Through our work, Dimagi and KIPP have learned that the same child struggling with poor health is often unable to access a good education. There’s no single solution that will improve their quality of life, and we can’t fully address one challenge at the expense of the other. This is why we’ve begun investing in each other’s areas of expertise: Dimagi is branching out into education, and KIPP is incorporating healthcare into its approach.
Dimagi’s CommCare mobile technology platform is designed to help organizations build mobile apps that support their work on the ground in developing countries. Dimagi’s primary experience with CommCare has been in global healthcare, where community health workers in rural communities use mobile apps built with CommCare to register, diagnose, and treat patients in rural villages.
But education has also become a major part of this medical initiative, with health workers now sharing educational content on their CommCare apps in addition to health information. Today Dimagi is working with healthcare organizations to construct new education-based apps using CommCare, while also supporting education organizations to use CommCare in schools that may lack wireless internet, phone connectivity or electricity.
KIPP, a national network of nearly 200 open-enrollment public charter schools in educationally underserved communities, has realized in recent years that their students’ health plays a major role in shaping their learning and happiness. KIPP has explored this aspect through projects like Houston’s KIPP CONNECT campus, which offers an on-site health clinic for students and parents alike. Just a few months ago, KIPP also launched their latest partnership with the Rales Health Center, a full-service medical clinic for students and families that is staffed by Johns Hopkins University medical staff and located inside the KIPP Baltimore campus.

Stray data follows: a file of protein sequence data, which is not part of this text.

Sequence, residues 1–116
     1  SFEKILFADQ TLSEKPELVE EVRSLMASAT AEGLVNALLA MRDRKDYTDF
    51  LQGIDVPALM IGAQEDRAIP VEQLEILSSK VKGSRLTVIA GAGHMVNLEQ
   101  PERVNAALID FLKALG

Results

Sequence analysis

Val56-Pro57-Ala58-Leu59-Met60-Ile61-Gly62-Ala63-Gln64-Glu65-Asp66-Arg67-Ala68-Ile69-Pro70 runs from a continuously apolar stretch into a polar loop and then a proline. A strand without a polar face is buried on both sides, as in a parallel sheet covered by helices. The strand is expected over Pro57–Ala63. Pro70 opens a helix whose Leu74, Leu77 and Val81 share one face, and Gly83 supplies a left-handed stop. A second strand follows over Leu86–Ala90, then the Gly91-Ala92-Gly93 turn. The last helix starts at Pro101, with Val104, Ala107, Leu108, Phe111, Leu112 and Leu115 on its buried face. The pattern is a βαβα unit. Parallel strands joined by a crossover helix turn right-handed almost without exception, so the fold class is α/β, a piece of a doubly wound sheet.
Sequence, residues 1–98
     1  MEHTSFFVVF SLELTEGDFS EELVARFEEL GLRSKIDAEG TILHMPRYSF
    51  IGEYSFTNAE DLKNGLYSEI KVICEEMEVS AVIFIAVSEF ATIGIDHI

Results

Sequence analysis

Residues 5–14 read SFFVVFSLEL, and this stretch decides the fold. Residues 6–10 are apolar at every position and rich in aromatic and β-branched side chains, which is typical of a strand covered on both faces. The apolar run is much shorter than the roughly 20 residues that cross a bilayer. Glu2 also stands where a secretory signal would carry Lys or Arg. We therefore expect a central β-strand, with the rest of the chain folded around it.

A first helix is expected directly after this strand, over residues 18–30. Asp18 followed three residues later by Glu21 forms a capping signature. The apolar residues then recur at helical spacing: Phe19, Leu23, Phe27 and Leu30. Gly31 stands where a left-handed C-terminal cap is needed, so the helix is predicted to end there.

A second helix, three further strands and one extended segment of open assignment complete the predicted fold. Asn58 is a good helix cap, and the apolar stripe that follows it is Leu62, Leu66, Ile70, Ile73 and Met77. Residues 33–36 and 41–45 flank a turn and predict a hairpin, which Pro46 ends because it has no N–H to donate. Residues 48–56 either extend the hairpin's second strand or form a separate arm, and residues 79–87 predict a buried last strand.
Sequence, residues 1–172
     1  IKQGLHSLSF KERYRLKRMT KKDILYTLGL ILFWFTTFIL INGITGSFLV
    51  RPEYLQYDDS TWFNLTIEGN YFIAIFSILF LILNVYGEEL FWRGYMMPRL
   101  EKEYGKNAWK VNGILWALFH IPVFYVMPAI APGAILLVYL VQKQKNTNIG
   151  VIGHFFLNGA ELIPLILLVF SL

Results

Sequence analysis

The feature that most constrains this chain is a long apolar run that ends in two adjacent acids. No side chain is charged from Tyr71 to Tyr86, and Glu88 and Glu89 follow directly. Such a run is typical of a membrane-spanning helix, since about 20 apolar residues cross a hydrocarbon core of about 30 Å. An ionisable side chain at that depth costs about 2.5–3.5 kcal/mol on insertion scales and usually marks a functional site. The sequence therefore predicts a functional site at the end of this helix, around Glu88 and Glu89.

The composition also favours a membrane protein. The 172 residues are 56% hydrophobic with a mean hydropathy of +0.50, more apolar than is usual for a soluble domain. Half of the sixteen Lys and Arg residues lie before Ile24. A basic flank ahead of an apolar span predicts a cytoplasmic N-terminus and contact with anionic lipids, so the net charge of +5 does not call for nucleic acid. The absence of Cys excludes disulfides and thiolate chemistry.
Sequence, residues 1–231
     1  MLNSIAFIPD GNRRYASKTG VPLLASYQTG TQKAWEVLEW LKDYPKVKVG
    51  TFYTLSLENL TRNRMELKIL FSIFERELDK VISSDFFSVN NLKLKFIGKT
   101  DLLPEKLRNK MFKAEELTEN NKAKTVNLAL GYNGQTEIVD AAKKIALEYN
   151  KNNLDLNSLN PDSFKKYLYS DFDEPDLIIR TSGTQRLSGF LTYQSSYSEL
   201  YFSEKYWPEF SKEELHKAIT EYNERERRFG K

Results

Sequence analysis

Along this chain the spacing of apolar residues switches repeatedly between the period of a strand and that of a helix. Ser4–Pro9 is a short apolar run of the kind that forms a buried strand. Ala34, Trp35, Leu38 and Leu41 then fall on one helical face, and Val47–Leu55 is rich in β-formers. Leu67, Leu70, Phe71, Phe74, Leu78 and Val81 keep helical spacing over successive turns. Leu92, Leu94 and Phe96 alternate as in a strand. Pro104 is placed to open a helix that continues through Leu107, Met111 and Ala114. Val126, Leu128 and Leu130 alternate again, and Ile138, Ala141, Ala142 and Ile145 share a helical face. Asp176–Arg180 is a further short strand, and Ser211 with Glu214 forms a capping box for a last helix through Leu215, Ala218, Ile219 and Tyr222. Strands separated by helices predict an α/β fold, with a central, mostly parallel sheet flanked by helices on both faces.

Both KIPP and Dimagi have seen the value in forging relationships with families through home visits. For example, community health workers in Indian villages visit the homes of pregnant women, using CommCare to engage and inform husbands and mothers-in-law about their family’s care. Simiarly, when KIPP educators prepare to open a new school, they visit the homes of prospective students and talk with them and their families, laying the foundations of a relationship that can support students all the way to — and through — college.
Health and education are two sides of the same coin. They interact intimately. In the communities where our two organizations work, we recognize that we must explore each other’s worlds, explore the expertise of our partners, and reject the idea that there is a single “silver bullet” that will solve the challenges that children and families face.
Our experience illuminates how social entrepreneurs can and must find common ground and build partnerships across industries to maximize impact. We’re excited to see more and more of this collaboration taking place, and eager to witness the greater change it brings.